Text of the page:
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Confounding Compounding

Becky Ferguson, CFP,

July 24, 2013

Growing Your Wealth


Answer this question: 

Would you rather have $10,000 per day for a month or one penny that doubled in value every day for a month? 

If you chose the $10,000 per day, at the end of 30 days you would have $300,000. Oh…but you left about $5 million on the table.  It may be hard to believe, but it is true. One penny today, two cents tomorrow; four cents the next day and so on, by the end of 30 days, you would have $5,368,709.12 

The rate of return that is used in this example (100% per day) is not obtainable, but is nevertheless a good illustration of the power of compounding. Compound interest is interest earned on the original principal plus any reinvested interest. So each month when you are paid interest into your bank account or other investment, you are enjoying the benefits of compounding. Compound interest helps us save more to achieve goals like retirement, college, a dream home and more. 

In my example, the interest is compounded daily. That won’t be an option. Popular compounding frequencies are monthly, quarterly and in some cases semi-annually. Choose the option that happens most often. 

Since my example is extreme, let’s look at another that would be achievable:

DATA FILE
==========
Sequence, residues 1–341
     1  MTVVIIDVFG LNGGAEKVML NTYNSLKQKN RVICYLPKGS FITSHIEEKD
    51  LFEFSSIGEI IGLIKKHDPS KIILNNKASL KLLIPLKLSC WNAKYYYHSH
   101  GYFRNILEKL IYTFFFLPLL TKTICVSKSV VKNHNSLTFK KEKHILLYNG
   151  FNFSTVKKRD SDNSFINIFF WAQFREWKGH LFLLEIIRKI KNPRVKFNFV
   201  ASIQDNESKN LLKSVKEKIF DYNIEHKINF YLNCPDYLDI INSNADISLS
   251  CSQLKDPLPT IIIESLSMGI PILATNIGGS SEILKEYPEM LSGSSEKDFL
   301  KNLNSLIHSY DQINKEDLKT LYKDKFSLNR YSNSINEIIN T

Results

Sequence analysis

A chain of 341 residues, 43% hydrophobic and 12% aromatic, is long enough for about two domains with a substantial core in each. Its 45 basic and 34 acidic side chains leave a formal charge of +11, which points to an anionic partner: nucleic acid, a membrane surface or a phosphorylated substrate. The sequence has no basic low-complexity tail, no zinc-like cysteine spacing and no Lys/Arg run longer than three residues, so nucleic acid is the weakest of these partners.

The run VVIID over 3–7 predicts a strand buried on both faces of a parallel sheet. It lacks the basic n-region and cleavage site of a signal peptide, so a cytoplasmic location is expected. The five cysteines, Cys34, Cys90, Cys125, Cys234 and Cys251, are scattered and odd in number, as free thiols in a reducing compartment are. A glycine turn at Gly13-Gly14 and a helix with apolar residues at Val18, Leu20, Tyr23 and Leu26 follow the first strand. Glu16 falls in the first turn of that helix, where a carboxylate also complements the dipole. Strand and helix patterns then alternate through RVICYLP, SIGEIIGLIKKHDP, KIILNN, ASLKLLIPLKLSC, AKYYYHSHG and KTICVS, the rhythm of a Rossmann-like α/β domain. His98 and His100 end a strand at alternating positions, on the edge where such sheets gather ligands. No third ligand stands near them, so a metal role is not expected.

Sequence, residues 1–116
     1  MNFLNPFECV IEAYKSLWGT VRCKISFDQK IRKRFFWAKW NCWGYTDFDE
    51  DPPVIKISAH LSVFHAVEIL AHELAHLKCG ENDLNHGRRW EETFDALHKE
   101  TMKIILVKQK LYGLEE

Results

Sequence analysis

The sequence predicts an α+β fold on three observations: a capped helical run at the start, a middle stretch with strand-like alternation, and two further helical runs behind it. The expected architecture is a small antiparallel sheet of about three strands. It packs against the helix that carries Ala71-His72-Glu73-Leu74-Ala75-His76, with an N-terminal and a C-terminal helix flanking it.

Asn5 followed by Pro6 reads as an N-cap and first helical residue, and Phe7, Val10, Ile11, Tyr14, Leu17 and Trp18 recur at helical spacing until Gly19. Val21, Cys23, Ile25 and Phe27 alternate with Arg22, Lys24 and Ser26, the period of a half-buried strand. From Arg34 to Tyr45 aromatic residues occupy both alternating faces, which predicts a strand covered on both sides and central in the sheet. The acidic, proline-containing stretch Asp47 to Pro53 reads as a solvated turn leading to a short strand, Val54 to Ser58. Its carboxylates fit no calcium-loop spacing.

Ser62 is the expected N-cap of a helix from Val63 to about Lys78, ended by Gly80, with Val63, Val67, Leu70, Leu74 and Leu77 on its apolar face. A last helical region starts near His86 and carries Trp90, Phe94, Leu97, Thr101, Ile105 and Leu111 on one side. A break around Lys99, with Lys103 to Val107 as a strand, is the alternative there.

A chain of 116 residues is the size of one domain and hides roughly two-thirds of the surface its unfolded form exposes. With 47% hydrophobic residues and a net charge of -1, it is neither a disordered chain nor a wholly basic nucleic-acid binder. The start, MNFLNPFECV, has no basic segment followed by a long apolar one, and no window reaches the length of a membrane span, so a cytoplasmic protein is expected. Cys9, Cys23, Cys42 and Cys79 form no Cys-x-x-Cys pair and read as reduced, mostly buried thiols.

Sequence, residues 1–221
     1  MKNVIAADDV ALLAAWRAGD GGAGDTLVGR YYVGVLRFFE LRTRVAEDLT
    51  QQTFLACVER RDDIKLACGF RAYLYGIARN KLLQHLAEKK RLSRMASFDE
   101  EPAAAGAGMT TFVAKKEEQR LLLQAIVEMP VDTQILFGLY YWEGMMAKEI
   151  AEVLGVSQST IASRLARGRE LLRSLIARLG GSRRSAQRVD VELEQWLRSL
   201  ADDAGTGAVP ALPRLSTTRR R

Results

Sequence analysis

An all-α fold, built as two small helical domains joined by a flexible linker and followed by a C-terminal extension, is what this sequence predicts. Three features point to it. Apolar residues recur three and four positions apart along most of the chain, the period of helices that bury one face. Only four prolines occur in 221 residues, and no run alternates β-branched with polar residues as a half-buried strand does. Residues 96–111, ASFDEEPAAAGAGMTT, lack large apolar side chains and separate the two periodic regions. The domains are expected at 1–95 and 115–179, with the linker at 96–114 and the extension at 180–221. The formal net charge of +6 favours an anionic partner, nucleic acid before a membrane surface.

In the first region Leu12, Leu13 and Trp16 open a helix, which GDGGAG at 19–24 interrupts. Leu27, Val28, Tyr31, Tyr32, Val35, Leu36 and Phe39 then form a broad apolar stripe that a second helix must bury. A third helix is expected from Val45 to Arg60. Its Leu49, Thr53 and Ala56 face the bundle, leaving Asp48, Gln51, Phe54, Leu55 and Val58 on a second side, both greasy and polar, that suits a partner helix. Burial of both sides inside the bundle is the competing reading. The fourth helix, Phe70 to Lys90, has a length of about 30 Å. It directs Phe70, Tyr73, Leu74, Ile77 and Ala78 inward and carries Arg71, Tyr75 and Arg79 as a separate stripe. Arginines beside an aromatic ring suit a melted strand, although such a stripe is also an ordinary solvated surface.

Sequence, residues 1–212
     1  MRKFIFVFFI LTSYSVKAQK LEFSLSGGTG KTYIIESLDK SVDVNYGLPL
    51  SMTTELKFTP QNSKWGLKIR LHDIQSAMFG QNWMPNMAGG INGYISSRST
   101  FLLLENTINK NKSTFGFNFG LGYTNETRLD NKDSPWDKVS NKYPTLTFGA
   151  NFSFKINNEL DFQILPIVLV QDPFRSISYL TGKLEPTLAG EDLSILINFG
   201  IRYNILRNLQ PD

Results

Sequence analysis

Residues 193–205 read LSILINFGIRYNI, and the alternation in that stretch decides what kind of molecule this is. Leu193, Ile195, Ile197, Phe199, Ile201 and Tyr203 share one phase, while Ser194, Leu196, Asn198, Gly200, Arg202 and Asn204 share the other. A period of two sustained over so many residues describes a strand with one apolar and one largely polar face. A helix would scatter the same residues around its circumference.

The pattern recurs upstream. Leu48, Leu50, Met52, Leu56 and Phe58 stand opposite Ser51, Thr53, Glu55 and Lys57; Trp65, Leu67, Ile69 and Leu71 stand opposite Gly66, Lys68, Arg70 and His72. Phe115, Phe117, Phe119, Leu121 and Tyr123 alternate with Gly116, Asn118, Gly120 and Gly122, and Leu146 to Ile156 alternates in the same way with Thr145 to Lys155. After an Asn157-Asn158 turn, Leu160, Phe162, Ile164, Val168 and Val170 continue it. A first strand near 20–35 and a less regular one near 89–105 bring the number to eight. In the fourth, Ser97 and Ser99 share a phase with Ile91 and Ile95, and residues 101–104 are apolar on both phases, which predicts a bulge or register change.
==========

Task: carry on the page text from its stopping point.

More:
Consider an individual, 30 years of age, with a retirement account balance of $20,000 that achieves an annual 6% rate of return. After 35 years (with no additional contributions) the original $20,000 investment, through the benefits of compounding, will grow to $153,722 by age 65. That’s more than seven times the amount of your account balance at age 30!

Please note that there are no guarantees for return rates or growth of principal and this example is for illustrative purposes only.  

The following formula is effective for demonstrating the benefits of compounding over time: 

FV = PV (1 + i)^N

FV = Future Value (the amount you will have in the future)
PV = Present Value (the amount you have today)
i = Interest (your annual rate of return or interest rate earned)
N = Number of Years (the length of time you invest) 

So if you were not sure how compound interest works, now you know. 

And if anyone asks you, take the penny.

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I found this to be a very interesting article. Learned a lot! Thanks!

This blog article is for informational purposes only, and is not an advertisement for a product or service. The accuracy and completeness is not guaranteed and does not constitute legal or tax advice. Please consult with your own tax, legal, and financial advisors.